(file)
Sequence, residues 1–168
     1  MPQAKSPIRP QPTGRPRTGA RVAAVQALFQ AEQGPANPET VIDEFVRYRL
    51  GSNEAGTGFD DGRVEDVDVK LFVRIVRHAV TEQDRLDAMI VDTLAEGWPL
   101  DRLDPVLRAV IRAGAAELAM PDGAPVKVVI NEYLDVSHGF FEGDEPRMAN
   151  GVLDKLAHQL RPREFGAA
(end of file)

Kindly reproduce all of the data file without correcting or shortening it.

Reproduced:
Sequence, residues 1–168
     1  MPQAKSPIRP QPTGRPRTGA RVAAVQALFQ AEQGPANPET VIDEFVRYRL
    51  GSNEAGTGFD DGRVEDVDVK LFVRIVRHAV TEQDRLDAMI VDTLAEGWPL
   101  DRLDPVLRAV IRAGAAELAM PDGAPVKVVI NEYLDVSHGF FEGDEPRMAN
   151  GVLDKLAHQL RPREFGAA